Greece is far more prosperous than any of the Balkan countries I have passed through – even though it’s broke and having to undergo ‘austerity’ it’s not apparent. The country feels very much like being back in Western Europe – including the prices!
Mavi and I had breakfast (cheese ‘tost’ and coffee) on a balcony that overlooked that great flat plain that leads to Thessaloniki. I shall depart a little later this afternoon, after going to see the famous waterfalls – where the river Edessaios throws itself from the cliff onto the plain below. Maybe I’ll take another day to reach Thessaloniki as it’s 28˚C hot and I’m in no rush. Mavi reminds me of Leah (Edwards) – did similar course at Uni, similar age, similar temperament, similar grace. Mavi is wavy though – as she talks, she snakes her hands and her body to illustrate what she’s saying, in a mesmerizing, dancing fashion. Mavi says she is inspired to take a bicycle with her on her next travel adventure – yippee! I have made a convert to cycle-touring! We say goodbye. Maybe we’ll meet again in Thessaloniki – though that really would be something of a miracle.
After packing up, I go find the waterfalls – they have been channeled by man (to create energy, amongst other things) but are still quite impressive. Tourists can walk behind the falls and get damp too. I get given a peach, sliced open, washed and ready to eat, by the man selling them in the carpark beside the falls.
Edessa exerted its magnetic force - or maybe I’d melted and stuck to the chair – whatever the reason, I didn’t get moving until gone 6.30pm. The ride down hill to the plains was fabulous – the warm air and movement combining to create a pleasant breeze. I’m a bit concerned that place names are beginning to sound like James Bond enemies: ‘Skydra’ is off to the right. I’m only aiming for Giannitsa this evening – the largest city in the Pella region by all accounts. Every now and then, a large lorry stuffed with boxes of peaches will pass me, wafting peachy aroma all around which has my mouth watering.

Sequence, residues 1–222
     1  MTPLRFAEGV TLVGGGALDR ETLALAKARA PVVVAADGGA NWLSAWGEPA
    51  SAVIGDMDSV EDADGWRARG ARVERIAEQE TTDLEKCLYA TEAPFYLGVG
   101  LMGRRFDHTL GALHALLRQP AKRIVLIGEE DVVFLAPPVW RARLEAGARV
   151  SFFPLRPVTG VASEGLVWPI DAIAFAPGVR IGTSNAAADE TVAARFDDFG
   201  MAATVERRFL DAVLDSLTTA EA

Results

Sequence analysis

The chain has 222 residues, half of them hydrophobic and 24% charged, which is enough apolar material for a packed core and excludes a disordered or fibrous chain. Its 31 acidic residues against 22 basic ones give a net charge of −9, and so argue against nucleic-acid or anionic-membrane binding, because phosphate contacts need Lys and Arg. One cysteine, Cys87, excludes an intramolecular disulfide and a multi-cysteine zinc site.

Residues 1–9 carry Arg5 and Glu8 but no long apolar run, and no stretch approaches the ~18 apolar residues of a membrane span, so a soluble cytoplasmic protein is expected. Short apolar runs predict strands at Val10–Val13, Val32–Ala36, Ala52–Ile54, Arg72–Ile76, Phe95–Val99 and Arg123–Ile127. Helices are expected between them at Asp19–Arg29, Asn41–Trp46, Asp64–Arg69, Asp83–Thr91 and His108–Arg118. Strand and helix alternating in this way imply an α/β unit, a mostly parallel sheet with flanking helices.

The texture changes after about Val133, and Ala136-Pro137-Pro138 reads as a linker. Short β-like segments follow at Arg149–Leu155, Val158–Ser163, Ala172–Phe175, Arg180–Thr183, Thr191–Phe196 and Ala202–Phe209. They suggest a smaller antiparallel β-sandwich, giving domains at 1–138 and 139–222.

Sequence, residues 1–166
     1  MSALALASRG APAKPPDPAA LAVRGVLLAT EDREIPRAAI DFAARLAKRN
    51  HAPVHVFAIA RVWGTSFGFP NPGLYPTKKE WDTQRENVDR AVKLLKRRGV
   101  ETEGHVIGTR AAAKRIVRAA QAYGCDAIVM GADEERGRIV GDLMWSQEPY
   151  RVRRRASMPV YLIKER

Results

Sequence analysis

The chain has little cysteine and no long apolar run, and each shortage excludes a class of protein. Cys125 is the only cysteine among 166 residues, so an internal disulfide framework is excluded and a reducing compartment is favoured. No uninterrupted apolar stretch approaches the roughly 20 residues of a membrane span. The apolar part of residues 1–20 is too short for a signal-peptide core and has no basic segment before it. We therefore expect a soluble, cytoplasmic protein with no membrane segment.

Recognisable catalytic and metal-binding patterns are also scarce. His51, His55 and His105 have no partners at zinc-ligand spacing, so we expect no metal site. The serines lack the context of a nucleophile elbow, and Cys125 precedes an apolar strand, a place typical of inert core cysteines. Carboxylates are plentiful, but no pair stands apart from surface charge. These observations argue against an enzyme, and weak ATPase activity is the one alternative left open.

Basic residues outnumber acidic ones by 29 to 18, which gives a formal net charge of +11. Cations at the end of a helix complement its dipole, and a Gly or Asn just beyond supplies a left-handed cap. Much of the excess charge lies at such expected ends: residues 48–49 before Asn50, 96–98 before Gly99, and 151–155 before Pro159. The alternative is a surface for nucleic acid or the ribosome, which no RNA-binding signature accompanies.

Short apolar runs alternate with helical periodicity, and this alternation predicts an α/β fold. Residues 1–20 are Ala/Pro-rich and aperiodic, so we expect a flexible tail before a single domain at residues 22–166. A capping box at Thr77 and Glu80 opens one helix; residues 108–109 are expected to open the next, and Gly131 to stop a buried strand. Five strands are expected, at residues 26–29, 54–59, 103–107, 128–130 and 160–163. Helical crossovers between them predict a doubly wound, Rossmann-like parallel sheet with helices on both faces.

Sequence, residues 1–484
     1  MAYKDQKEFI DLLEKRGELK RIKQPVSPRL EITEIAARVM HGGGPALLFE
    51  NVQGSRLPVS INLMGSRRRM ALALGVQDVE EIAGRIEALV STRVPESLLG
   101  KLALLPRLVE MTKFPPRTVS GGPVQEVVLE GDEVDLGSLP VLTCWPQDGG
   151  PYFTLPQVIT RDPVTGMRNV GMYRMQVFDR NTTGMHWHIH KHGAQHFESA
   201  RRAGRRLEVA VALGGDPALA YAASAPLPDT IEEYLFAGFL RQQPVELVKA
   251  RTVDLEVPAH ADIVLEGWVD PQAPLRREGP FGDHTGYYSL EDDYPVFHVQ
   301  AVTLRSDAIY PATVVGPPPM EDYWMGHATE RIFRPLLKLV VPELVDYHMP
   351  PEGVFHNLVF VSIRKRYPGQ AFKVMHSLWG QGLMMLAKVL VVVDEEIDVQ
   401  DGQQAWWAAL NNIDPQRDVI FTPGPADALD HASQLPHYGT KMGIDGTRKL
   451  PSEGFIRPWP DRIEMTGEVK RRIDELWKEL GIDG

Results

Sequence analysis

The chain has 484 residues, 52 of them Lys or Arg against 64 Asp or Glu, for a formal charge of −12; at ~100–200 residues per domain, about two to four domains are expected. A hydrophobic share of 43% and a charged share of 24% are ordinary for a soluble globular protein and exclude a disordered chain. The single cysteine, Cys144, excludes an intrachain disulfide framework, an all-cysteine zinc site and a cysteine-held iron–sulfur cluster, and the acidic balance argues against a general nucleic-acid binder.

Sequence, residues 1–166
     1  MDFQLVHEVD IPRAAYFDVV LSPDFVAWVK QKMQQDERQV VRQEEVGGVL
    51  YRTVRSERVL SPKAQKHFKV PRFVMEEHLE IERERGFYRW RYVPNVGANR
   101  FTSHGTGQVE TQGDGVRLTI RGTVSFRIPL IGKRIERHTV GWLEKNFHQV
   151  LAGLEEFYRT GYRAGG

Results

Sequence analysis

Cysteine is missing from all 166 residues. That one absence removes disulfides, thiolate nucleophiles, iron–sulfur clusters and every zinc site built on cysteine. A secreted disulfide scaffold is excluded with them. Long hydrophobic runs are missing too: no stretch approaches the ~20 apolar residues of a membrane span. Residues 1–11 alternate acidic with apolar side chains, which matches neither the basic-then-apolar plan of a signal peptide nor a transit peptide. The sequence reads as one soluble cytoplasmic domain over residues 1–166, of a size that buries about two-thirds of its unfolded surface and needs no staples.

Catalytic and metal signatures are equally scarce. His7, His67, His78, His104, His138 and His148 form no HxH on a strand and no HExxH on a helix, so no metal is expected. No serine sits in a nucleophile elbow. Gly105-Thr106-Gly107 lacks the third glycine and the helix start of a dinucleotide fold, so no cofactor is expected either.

I arrive at Giannitsa at around half past 9 and find the centre of town quickly enough. I had a much welcomed and rather tasty berry smoothie in the nearest café/bar. The barwoman was really helpful once I’d established there were very few places to stay around here – no campsites or hostels. She told me that the Hotel Istron was probably the cheapest place around – although it was unfortunately situated 5km outside of town. This meant that I wouldn’t be returning to explore the city before moving on (being too lazy), which was a shame. The Hotel was €30, but included breakfast, double bed and air conditioning (ie not quite such a rip off as the hotel in Edessa). Greece is not cheap.